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Maria Kubal, et al v. Discount Tire.Com et al

UNITED STATES DISTRICT COURT SOUTHERN DISTRICT OF CALIFORNIA


August 23, 2012

MARIA KUBAL, ET AL.,
PLAINTIFFS,
v.
DISCOUNT TIRE.COM ET AL.,
DEFENDANTS.

The opinion of the court was delivered by: Irma E. GONZALEZUnited States District Judge

ORDER DENYING DEFENDANTS MICHELIN AND SANDERSON'S FIRST AMENDED COMPLAINT MOTIONS TO DISMISS THE [Doc. Nos. 3, 6]

Before the Court are Defendants Michelin North America, Inc. ("Michelin") and Don Sanderson Ford, Inc. ("Sanderson")'s motions to dismiss Plaintiffs' First Amended Complaint as time-barred under California's statutes of limitation. [See Doc. Nos. 3, 6.] For the reasons below, the Court DENIES Defendants' motions.

BACKGROUND

On November 5, 2009, Andrew Kubal died in an automobile accident in Winterhaven, California, and on October 27, 2011, his wife and two children, Plaintiffs Maria Kubal, Andrew Kubal, Jr., and Mary Ann Kubal, respectively, filed a complaint in Imperial County Superior Court asserting claims of negligence and products liability against certain named defendants (but not Michelin or Sanderson) as well as a number of unnamed Doe defendants. [See Doc. No. 1.] On November 3, 2011, Plaintiffs filed a similar complaint in the Superior Court of Maricopa County, Arizona, (the "Arizona complaint") against a similar array of defendants, but additionally Michelin and Sanderson. [See, e.g., Doc. Nos. 6, 12.] The Arizona complaint was voluntarily dismissed on March 20, 2012. [See id.]

On April 24, 2012, Plaintiffs filed their First Amended Complaint in Imperial County Superior Court, adding Michelin and Sanderson. [See Doc. No. 1 at 9.] On June 8, 2012, Defendants removed to this Court. [Doc. No. 1.] On June 15, 2012, Michelin filed a motion to dismiss the complaint as time-barred. [Doc. No. 3.] On June 18, 2012, Sanderson filed its own motion to dismiss the complaint as time-barred. [Doc. No. 6.] Plaintiffs filed oppositions to Defendants' motions on July 17, 2012. [Doc. Nos. 12, 13.] Defendants filed replies on July 23, 2012. [Doc. Nos. 14, 16.]

DISCUSSION

Dismissal on statute of limitations grounds is proper only if untimeliness appears beyond doubt from face of the complaint. Supermail Cargo, Inc. v. U.S., 68 F.3d 1204, 1206-1207 (9th Cir. 1995).*fn1 In diversity cases, both "the length of the limitations period, and closely related questions of tolling and application, are to be governed by state law." Wilson v. Garcia, 471 U.S. 261, 269 (1985) (emphasis in original), and thus where, as here, a district court "borrows the statute of limitations from California State law, California's procedure for relation back in the suing of fictitious defendants controls." Provencio v. Vasquez, 258 F.R.D. 626, 631 (E.D. Cal. 2009) (citing Cabrales v. County of Los Angeles, 875 F.2d 765, 768 (9th Cir. 1989)). In so borrowing, "it is the duty of [district court] to ascertain from all the available data what the state law is and apply it . . . however much the state rule may have departed from prior decisions of the federal courts." West v. American Tel. & Tel. Co., 311 U.S. 223, 236-37 (1940).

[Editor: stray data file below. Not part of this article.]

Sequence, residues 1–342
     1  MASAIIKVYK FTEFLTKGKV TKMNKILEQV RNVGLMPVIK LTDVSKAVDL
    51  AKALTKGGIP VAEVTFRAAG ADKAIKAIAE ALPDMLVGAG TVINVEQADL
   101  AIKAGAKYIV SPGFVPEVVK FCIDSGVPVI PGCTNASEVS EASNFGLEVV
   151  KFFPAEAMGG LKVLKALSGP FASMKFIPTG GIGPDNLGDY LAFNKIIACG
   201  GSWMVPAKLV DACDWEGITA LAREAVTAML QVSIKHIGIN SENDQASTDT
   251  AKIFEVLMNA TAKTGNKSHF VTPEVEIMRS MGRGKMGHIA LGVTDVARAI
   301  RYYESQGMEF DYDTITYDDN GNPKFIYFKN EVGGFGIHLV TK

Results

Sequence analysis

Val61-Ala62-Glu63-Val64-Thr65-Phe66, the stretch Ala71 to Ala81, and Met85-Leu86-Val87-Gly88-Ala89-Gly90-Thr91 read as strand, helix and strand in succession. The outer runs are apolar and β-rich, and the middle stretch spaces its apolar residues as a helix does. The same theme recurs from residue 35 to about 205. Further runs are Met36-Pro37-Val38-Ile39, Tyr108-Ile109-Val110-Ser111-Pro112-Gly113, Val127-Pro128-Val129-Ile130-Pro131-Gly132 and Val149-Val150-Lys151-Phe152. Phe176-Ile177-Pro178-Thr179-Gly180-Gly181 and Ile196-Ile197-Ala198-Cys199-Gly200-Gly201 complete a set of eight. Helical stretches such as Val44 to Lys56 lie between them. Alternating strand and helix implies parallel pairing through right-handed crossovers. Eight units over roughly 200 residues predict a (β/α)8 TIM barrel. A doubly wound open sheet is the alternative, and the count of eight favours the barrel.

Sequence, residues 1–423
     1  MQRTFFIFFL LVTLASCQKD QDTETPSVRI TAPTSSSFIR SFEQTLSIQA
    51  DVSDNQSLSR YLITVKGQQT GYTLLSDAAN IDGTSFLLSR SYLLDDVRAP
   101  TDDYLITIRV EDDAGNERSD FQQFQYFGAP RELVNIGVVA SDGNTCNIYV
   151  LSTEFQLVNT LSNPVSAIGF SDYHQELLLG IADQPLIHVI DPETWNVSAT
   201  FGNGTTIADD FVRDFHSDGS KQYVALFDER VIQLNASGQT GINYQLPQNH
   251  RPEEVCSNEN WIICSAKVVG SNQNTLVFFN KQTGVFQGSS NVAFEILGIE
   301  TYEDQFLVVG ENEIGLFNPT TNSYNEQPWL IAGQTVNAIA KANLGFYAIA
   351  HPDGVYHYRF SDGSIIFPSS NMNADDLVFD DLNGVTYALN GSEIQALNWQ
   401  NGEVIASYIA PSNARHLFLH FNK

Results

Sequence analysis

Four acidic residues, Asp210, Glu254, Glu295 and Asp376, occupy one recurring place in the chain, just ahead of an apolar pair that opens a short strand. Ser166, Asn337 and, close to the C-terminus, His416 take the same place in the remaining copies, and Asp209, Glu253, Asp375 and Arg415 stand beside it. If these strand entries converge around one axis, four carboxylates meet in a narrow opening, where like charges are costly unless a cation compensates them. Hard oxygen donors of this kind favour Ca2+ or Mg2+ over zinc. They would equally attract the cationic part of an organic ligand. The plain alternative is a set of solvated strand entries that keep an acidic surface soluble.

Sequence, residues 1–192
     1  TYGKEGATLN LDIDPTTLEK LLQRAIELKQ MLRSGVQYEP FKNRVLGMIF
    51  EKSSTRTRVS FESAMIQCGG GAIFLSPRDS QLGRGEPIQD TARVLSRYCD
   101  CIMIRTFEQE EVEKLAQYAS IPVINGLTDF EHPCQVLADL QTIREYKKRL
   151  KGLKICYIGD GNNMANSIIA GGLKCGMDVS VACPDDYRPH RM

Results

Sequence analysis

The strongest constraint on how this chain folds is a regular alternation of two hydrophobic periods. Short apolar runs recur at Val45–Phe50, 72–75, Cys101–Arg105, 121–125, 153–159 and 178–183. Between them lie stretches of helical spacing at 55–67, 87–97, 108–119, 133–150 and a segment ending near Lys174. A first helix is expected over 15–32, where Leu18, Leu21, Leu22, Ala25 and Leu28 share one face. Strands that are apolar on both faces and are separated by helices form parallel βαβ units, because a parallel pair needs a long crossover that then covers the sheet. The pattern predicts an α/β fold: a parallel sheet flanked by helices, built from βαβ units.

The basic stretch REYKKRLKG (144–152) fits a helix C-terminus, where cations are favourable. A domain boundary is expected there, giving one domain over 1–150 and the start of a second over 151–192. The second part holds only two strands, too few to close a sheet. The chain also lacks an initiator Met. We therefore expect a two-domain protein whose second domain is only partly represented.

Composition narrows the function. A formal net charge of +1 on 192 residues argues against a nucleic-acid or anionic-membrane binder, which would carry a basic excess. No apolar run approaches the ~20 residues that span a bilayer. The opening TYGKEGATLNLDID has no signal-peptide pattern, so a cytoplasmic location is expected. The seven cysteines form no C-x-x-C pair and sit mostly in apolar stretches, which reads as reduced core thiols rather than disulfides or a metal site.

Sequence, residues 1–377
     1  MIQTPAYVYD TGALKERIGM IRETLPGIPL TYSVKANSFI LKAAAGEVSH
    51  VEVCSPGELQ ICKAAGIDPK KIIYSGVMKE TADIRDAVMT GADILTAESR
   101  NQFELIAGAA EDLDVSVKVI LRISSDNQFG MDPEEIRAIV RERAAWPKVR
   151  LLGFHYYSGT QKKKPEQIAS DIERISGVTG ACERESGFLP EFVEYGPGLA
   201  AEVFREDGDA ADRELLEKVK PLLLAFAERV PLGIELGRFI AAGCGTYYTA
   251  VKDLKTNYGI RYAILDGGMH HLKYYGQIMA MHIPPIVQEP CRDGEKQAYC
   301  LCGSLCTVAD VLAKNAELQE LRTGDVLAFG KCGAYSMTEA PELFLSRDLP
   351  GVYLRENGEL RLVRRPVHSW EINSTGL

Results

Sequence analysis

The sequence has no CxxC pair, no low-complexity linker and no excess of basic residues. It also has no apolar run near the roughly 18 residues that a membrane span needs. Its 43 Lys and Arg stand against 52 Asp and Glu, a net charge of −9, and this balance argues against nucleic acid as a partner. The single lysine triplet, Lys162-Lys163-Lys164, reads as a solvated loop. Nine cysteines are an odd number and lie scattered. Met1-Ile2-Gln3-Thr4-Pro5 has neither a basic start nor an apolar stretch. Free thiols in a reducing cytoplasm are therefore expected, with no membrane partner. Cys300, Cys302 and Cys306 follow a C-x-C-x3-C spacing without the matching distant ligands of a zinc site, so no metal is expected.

Under California law, Plaintiff's claims are subject to a two-year statute of limitations. See Cal. Code Civ. P. § 335.1. As to relation back, "the general rule is that an amended complaint that adds a new defendant does not relate back to the date of filing the original complaint and the statute of limitations is applied as of the date the amended complaint is filed, not the date the original complaint is filed." Woo v. Superior Court, 75 Cal.App.4th 169, 176 (1999). But "[a] recognized exception to the general rule is the substitution under Section 474 of a new defendant for a fictitious Doe defendant named in the original complaint as to whom a cause of action was stated in the original complaint." Id. (citing Cal Code Civ. P. § 474 ("section 474")). Where section 474 applies, "the amended complaint substituting a new defendant for a fictitious Doe defendant filed after the statute of limitations has expired is deemed filed as of the date the original complaint was filed." Woo, 75 Cal.App.4th at 176(citing Austin v. Massachusetts Bonding & Ins. Co., 56 Cal.2d 596, 599 (1961)).